How can you maintain the essential character of a New York City loft while trying to insert a bedroom into a seemingly impossibly narrow space? This was the critical question that architect Julian King faced when approached by a client who had purchased an apartment in a former silk warehouse in trendy SoHo.
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The building was originally constructed in 1872, and the current apartment layout was not doing the building’s original features—think high ceilings, brick walls, and double exposures—any favors.
At the time of the purchase, the apartment was "terribly cluttered with an exposed mess of sprinkler piping, poorly configured and built rooms, and a landlocked kitchen," describes King. The room layout, in concert with the exposed ductwork, plumbing, and wiring, obscured the 13-foot-plus ceilings, and took away from the daylight provided by windows on either end of the apartment. King sought to "preserve what makes a classic SoHo loft a loft," but also wanted to consider creative ways to incorporate a bedroom without losing any natural light.
Creating a partition between the windows to create the separate bedroom would mean losing daylight in the central open space, and wasn’t an option for King. While a traditional mezzanine or lofted bedroom would be a feasible solution, incorporating it into the space in an elegant way—wherein the space below would be functional and permissible by local authorities—would be a technical and aesthetic challenge.
Rather than locate the raised bedroom near the windows, King instead placed it in the middle of the room and kept the top of the wall away from the ceiling, so that it floats down from the ceiling, recalling the flowing fabric that used to be stored in the building.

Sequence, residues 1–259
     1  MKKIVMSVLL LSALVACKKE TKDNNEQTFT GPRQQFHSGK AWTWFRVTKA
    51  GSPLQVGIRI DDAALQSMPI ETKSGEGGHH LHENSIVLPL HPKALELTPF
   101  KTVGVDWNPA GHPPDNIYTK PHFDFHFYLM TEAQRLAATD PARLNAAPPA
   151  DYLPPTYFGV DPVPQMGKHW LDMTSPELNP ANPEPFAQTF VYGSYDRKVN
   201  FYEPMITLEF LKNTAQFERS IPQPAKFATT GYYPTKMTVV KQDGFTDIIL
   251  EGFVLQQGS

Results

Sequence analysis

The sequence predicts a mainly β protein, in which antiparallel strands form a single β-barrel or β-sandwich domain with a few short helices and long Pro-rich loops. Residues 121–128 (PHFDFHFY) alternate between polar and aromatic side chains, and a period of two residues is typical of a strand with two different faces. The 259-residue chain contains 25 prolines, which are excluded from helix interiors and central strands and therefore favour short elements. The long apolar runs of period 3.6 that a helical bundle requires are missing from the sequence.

By locating the mezzanine in the middle of the long and narrow layout, he created a cinching of the open area which continues with the insertion of the adjacent bathroom. The curves of the mezzanine wall are echoed by the curves of the wall around the bathtub, creating continuity, and also acting as a physical and visual divider between the kitchen area and the living spaces.
This setup allows the kitchen to be located at one end of the apartment, with a wall of counter space under the windows and a large, central island that acts as the focal point. The white countertops and cabinetry provide a clean contrast to the texture and variation in the exposed brick walls, with the installation of a single steel shelf as the only open storage or artwork on the walls.
Architect: Julian King Architect, Christina Lyons
General Contractor: NYC Construction, Mario
Structural Engineer: Alnour Consulting Engineers PC, Nouradine Benhabdelhak
Cabinetry Design/Installation: Siena Woodworks, Rich
Steel Fabrication: Greenside Corp., Patrick Kelleher
Interior Plaster: Sobra Studios Surfaces LLC, Jason Tackmann
Selected Photography: Michael Moran